The triple-feature at the Biltmore Cabaret last Friday played out like two completely different evenings: The first, filled with solid, back-to-basics country western-infected rock that took me back to the humid evenings, firefly jars and fenceless backyards of my Midwestern upbringing (seriously! It’s just like that!); the second, an unparalleled, raucous display of music, poetry and nudity by local madman-about-town C.R. Avery.
First things first: Vancouver four-piece The River and the Road got things off to a sweetly mellow start with the poignant “Rose Bay.” The set was simple and a good, organic-feeling lead-in to Headwater’s main act. The crowd was certainly pleased, even requesting an encore from the openers. The River and The Road were happy to oblige, even getting a little help from Headwater vocalists Matt Bryant and Jonas Shandel on the classically country tune “Too Much of a Good Thing.”
It’s easy to see why Headwater would pair themselves with The River and the Road. The sound of both bands is distinctly rooted in the bedrock of American folk music. While John Hayes (bass) and Cam Strachan (percussion) hold down a nicely rolling rhythmic pieces, vocalists Andrew Phelan (guitar) and Keenan Lawlor (banjo) carry tunes with close-knit harmonies and a melodic jauntiness drawn straight from tumbleweeds.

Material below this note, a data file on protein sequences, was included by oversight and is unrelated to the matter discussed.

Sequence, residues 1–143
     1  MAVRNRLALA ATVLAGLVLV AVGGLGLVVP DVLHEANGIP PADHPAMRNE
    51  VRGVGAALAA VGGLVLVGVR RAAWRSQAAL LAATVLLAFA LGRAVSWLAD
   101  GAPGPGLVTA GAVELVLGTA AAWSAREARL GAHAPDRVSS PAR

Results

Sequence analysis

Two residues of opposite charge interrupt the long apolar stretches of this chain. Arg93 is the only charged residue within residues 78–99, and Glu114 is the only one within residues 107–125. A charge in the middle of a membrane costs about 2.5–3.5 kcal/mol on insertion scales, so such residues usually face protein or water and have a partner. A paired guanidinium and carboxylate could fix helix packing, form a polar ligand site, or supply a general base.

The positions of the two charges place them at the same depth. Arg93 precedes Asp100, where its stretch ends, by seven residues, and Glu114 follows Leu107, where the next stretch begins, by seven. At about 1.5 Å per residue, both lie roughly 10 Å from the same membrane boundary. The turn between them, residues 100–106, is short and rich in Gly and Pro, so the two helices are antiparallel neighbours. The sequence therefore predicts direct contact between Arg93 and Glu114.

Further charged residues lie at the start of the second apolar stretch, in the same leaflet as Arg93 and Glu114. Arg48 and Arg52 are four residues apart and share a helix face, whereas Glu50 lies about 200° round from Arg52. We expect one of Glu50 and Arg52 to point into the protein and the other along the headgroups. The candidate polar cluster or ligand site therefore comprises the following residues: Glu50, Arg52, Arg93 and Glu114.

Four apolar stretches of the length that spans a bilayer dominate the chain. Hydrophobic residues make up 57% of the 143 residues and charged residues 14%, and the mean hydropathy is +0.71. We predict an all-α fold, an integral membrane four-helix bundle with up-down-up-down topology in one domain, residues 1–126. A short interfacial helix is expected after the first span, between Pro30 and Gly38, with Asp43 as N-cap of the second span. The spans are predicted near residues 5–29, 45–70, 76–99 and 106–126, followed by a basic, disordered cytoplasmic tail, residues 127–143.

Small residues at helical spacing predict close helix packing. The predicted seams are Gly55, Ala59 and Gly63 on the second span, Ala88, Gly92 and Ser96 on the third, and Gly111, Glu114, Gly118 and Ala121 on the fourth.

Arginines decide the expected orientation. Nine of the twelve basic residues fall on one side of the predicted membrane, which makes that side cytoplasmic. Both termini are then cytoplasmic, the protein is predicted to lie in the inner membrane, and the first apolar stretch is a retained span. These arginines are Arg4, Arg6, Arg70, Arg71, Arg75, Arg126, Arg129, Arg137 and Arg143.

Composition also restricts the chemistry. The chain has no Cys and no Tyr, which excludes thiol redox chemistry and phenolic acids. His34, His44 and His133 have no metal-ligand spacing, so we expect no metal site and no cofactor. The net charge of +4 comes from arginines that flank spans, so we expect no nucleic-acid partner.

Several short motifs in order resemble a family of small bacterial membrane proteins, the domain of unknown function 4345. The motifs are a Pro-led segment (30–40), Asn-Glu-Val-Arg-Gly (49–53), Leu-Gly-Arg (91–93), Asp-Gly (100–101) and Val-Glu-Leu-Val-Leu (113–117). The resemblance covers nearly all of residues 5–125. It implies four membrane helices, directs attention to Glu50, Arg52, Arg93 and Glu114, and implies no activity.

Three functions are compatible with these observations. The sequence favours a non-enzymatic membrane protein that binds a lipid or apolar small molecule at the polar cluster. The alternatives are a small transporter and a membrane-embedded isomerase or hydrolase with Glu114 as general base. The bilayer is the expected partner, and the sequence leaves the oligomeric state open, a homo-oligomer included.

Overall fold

Speaking of weeds, the Biltmore stage looked dewy and verdant dressed up in its Friday finest. Vines framed the bands (be-flanneled and appropriately rootsy); covering the stage, weaving through electrical cords and up the microphone stands. It was an easy, festive touch that underscored Headwater’s temporary possession of the cabaret. Friday night was, after all, their party.
And what a party it was. If you aren’t familiar with Headwater now, rest assured you will be by year’s end. They are on their way to solidifying their status as local celebrities. If you asked Friday’s crowd, most would probably tell you that the band already is: The floor quivered with the dancing feet of fangirls (and boys!), each song received roars of approval.
The set started off with pleasantly twangy original “Never Going Back,” featuring impressive slide guitar work from steel guitarist Tim Tweedale. The band then launched into a spate of new tracks, starting with the first single off of the just-released PUSH, “Your Love.” The single is, quite frankly, not my favorite: it’s sweet and wholesome and just a little slow for me, especially towards the beginning of the set. Tempo aside, Bryant’s intricate mandolin lines cavorting lightly atop the music never fail to impress.
More compelling was the brand-new “Candy Town” (also off PUSH). The vocals and Shandel’s guitar take on a darker, more dangerous edge, steered by Patrick Metzger’s unflagging upright bass.
To mix up the set, Headwater also performed a couple covers, most notably Peter Gabriel’s “Salsbury Hill” and, as a crowd-pleasing encore, Katy Perry’s “Teenage Dream.” The question of this last piece has been dogging me recently: part of me loves the slow, unwinding feeling of the stripped-down pop song; a denuding of true, juvenile feeling from the rocket bras and candy-colored wigs; while part of me wonders why: is it crass populism? Is it genuinely sentimental? Did I really just sing along to a Katy Perry song?